Information flows across borders at an unprecedented pace. Few aspects of our lives remain untouched by the digital economy, and new challenges have arisen in this context. Meeting these challenges requires all stakeholders to develop new digital economy policies. From June 21 to 23, OECD ministers and stakeholders gathered in Cancún, Mexico, for an OECD Ministerial Meeting on the Digital Economy: Innovation, Growth and Social Prosperity to move the digital agenda forward in four key policy areas considered foundational to the growth of the digital economy — Internet openness; trust in the digital economy; building global connectivity; and the transformation of jobs and skills.
Toward this end, participants issued the Cancún Ministerial Declaration on the Digital Economy. Among other elements, the Declaration recognizes that the OECD’s Internet Policy Principles (IPPs), Consumer Protection in E-commerce, Digital Security Risk Management for Economic and Social Prosperity, Cryptography Policy and Protection of Privacy and Transborder Flows of Personal Data, serve as an invaluable suite of frameworks to further guide the development of coherent policies for an increasingly digitalized economy.
The Declaration then sets forth nine key commitments, which include, first and foremost, supporting the free flow of information. Other commitments emphasize the importance of stimulating digital innovation and creativity, increasing broadband connectivity, embracing the opportunities arising from emerging technologies such as the Internet of Things and cloud computing, and promoting digital security risk management and the protection of privacy at the highest level of leadership, among other priorities.
Although the Ministerial examined four key policy areas, the issue of restoring user trust in the online environment emerged as a recurring theme across all sessions. During the June 22 opening plenary, U.S. Secretary of Commerce Penny Pritzker acknowledged that while digital technologies have become a driving force of job creation, entrepreneurship, and innovation in the 21st century, they also bring new challenges related to cybersecurity and privacy. She urged that countries continue to rely upon the OECD’s IPPs for guidance and avoid “throwing up digital walls” through data localization and other policies and regulations that block legitimate cross-border data flows.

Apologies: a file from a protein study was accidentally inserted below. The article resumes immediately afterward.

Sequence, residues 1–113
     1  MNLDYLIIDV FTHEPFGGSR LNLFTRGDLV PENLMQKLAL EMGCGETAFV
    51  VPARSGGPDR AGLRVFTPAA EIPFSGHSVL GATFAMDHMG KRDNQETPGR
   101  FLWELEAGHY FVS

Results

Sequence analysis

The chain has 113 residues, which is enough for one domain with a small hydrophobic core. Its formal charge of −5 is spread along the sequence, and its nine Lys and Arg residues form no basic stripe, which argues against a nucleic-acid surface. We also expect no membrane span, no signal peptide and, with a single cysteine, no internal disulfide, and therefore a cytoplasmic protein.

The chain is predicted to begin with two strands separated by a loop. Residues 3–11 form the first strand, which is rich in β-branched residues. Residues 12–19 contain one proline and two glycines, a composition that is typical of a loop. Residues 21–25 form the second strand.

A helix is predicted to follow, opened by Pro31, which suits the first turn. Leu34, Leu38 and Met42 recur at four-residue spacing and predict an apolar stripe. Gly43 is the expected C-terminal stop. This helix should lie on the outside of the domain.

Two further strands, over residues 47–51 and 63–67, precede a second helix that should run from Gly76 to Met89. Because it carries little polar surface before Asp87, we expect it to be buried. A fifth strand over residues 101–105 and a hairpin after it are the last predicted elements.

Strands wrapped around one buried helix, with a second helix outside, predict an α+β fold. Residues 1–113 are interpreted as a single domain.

“We expect such policies from authoritarian regimes that want to isolate their people – not from nations that welcome the global exchange of ideas and commerce,” Pritzker said.
During the June 23 closing ceremony, OECD Secretary General Angel Gurria described the Ministerial Declaration as providing a forward-looking roadmap for how the digital economy can improve our lives. During the next two years, the OECD will examine in consultation with all stakeholders the “homework” that must be undertaken to prepare for the next phases of digitalization. This will include addressing the “deficit of data” needed to effectively measure the digital economy. Gurria underscored the importance of leadership from the top.
“We all leave Mexico with clear marching orders of policies to promote in our countries [which will mean] rethinking our policies from tax, to trade, to transportation through a digital lens,” Gurria said.
Business Stakeholder Day
During the Ministerial, the Business and Industry Advisory Committee (BIAC) to the OECD, together with the Mexican business federation COPARMEX, hosted a Business Stakeholder day dedicated to Unleashing the Benefits of Innovation in the Global Information Society. Close to 30 speakers and 300 business and government delegates were in attendance.
In his opening remarks, BIAC Secretary General Bernhard Welschke called for comprehensive measures to foster the growth potential of the digital economy. “Innovation is the key driver of growth for our economies and societies,” Welschke said. Ambassador Pérez-Jácome, the Mexican Ambassador from the permanent delegation of Mexico to the OECD, emphasized that “creating the conditions to foster innovation, investment and labor mobility is crucial to grasp the benefits of the digital economy.” BIAC’s Mexican Vice Chair José Ignacio Mariscal Torroella, also pointed to the importance of the digital economy for the growth potential and role of Mexico in the global economy.
Business participants from a variety of sectors and countries explored framework conditions that create the optimum enabling environment for success in the digital economy and information society: Infrastructure, Innovation, Information flows, Intellectual capital, Investment and Integration. They also drilled down into the innovation element, examining adequate policy conditions to ensure that the innovation capacity, creativity and fruitful ideas can be transformed into useful services and products.